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Kuppinger, David; Hartl, Wolfgang H. (2013): Feeding Patients with Severe Abdominal Infections: Special Aspects. In: Viszeralmedizin, No. 1: pp. 41-45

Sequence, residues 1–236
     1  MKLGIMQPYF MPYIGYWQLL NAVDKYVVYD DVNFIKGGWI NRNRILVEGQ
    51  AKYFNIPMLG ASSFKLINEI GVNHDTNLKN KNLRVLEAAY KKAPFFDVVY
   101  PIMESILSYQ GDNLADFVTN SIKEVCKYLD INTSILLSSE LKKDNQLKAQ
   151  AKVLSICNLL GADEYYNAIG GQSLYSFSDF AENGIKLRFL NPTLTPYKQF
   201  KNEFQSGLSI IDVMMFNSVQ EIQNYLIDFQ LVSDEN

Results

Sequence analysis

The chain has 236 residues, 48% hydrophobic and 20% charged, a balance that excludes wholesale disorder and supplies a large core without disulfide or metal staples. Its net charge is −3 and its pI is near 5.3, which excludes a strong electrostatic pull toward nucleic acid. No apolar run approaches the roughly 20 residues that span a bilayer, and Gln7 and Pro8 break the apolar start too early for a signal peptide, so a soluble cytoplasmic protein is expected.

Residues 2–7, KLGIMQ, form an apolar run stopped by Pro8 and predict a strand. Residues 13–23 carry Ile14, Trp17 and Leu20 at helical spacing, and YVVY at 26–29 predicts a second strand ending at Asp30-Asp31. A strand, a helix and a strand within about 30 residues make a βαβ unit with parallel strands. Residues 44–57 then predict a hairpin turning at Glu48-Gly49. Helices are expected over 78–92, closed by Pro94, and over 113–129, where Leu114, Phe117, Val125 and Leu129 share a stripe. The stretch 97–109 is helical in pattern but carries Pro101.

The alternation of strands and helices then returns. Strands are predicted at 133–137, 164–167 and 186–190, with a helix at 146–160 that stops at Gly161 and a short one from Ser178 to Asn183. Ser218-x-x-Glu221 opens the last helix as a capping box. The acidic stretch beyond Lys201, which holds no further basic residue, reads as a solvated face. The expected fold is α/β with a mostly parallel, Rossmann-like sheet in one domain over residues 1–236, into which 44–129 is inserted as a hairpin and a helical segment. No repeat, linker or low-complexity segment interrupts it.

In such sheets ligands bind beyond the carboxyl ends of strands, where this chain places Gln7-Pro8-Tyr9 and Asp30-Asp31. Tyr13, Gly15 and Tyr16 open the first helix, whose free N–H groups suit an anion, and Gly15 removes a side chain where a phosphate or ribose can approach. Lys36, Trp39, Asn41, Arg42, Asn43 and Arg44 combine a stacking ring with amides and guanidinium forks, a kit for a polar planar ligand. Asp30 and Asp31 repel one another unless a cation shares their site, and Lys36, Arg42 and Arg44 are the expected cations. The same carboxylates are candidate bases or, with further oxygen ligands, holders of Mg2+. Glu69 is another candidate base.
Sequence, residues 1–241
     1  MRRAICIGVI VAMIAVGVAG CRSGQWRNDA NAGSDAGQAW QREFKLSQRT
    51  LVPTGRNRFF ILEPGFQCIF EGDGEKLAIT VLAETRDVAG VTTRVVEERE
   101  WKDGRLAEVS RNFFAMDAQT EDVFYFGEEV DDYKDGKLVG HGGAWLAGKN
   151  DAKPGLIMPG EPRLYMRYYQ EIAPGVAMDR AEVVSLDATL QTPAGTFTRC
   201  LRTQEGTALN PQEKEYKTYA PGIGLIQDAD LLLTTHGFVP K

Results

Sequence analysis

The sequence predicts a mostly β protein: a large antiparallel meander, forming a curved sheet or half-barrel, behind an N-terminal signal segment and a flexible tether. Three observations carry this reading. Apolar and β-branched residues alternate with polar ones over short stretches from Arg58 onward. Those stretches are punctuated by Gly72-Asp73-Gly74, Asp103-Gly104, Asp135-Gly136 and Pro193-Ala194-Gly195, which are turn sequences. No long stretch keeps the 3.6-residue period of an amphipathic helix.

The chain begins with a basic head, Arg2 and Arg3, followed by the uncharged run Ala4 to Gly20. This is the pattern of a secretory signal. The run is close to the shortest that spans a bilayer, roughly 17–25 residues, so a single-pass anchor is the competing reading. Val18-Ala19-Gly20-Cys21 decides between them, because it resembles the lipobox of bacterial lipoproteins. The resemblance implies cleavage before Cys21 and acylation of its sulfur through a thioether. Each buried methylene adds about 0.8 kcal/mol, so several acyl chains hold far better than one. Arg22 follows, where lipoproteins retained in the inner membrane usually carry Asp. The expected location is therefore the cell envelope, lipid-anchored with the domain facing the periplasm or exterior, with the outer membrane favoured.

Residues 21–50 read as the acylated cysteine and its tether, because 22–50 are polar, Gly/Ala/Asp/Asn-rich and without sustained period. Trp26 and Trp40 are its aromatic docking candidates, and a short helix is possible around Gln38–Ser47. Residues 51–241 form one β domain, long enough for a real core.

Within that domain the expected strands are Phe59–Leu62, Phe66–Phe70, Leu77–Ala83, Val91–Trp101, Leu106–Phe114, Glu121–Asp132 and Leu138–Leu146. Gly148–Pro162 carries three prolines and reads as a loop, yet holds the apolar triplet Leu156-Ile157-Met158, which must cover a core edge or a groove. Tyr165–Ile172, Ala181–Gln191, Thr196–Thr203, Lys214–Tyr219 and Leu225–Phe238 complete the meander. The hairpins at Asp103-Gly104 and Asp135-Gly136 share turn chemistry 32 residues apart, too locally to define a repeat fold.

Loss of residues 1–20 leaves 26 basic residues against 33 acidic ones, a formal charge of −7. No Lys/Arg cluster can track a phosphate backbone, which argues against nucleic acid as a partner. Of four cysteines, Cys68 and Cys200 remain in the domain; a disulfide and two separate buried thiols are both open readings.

Background: Feeding patients with severe abdominal infections isparticularly demanding. Method: The authors electronically searched theMEDLINE, EMBASE and Cochrane databases (using the keywords‘peritonitis’, ‘severe sepsis’, ‘nutrition’, ‘practice parameter’, and‘guideline’) and reviewed their personal databases for articles relevantto the issue which have been published between 2002 and 2012. Results:Patients suffering from abdominal sepsis are at a high risk for severehyperglycemia and insulin resistance. Due to an excessive proteincatabolism which cannot be overcome by standard nutritional therapy,these patients are malnourished and require a particularly carefulnutritional support. The latter is not guided by the actual energyexpenditure (which markedly increases during the acute phase) but by thecapacity of the organism to utilize exogenous substrates (this capacityusually decreases during the acute phase). It is of outmost importanceto supply sufficient amounts of protein or amino acids. Ideally, thepatients should be fed enterally. Even in patients with severe abdominalcomplications (anastomotic leakage), modern tube and jejunostomytechniques as well as surgical strategies allow an adequate enteralsupply of calories. However, patients suffering from a severe abdominalsepsis often exhibit a delayed gastrointestinal passage (delayed gastricemptying, small bowel paralysis, colonic pseudo-obstruction). Thesepathologies restrict enteral nutrition and should be recognized as earlyas possible by appropriate clinical surveillance. Besides a clinicalexamination of the abdomen, measurement of gastric residual volumerepresents the best control parameter when providing food into thestomach. Delayed gastrointestinal passage should be treated asaggressively as possible. Primary objective is the cure of the abdominalfocus. In addition, use of drugs with an antiperistaltic action shouldbe restricted as much as possible. Severe cases may profit frommedications with a properistaltic action combined with specific physicalmeasures. Conclusion: Feeding patients suffering from an abdominalinfection requires an individualized, patient-centered approach whichrequires a profound nutritional and special gastroenterologicalknowledge.